Washington – House legislature adhering to strict social distancing rules will meet on Thursday to vote on a $ 484 billion preliminary coronavirus bailout package as new unemployment rates add to the astonishing toll the pandemic is taking the US job market.
The legislation, known as the Paycheck Protection Program and Health Care Enhancement Act, is the result of weeks of negotiations between Congress Democrats and the White House. The measure includes $ 75 billion for hospitals, $ 25 billion for the establishment of a national testing regime, $ 60 billion for disaster relief, and $ 310 billion for the(PPP), which grants loans to small businesses to help them retain workers and payroll. The PPP used up its initial $ 349 billion in funding last week.
The measureon Tuesday, and President Trump is expected to sign the legislation once it is approved in the house.
The vote is taking place, as new government data showThe first jobless applications were made last week, bringing the total number of people who lost their jobs during the pandemic to around 26 million.
Approximately $ 60 billion of new PPP funds will be dedicated to financial institutions serving businesses in rural areas without banks and minority interests, which is central to Democrats.have been particularly hard hit by the pandemic, which has exacerbated structural problems that make it difficult for minority owners to access capital.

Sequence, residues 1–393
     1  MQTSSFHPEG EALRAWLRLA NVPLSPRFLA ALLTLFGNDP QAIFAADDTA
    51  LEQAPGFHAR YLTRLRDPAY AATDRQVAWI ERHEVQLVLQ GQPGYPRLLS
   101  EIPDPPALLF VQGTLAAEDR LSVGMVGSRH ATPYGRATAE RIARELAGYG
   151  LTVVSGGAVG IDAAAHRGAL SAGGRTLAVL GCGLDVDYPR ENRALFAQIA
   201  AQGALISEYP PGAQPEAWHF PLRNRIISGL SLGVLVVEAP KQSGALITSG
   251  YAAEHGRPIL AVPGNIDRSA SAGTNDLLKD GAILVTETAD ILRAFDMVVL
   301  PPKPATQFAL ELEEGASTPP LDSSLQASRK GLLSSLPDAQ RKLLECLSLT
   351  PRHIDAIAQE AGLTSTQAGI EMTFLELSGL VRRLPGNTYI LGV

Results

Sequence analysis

A quorum of 218 legislators must be present at the vote on Thursday, which is expected to take place around 1:30 p.m. after a debate lasting several hours, according to the majority leader. Members enter the chamber to cast votes in eight groups of approximately 60 members each to limit possible exposure to the virus.
The vote takes place when the house tries to figure out how to continue its work without endangering its members. The House Democrats presented a resolution on Wednesday that would allow members to do soThis means that a member can vote on behalf of a colleague who is not present. The Republicans, however, rejected the proposed rule change and argued that the house had to go back to work officially.
Following talks between spokeswoman Nancy Pelosi and minority leader Kevin McCarthy, the Democrats agreed to postpone a rule change vote for the time being, and instead the House will vote today on a resolution that a bipartisan selection committee for coronavirus Crisis is set up to monitor billions of dollars in spending under multiple relief bills.
The house and the Senate are not expected to meet again until May. Democrats argue that lawmakers must start work on another phase of relief legislation that would provide more support to state and local governments, but Republicans have questioned whether it is necessary to work on new ones so quickly Laws to begin with.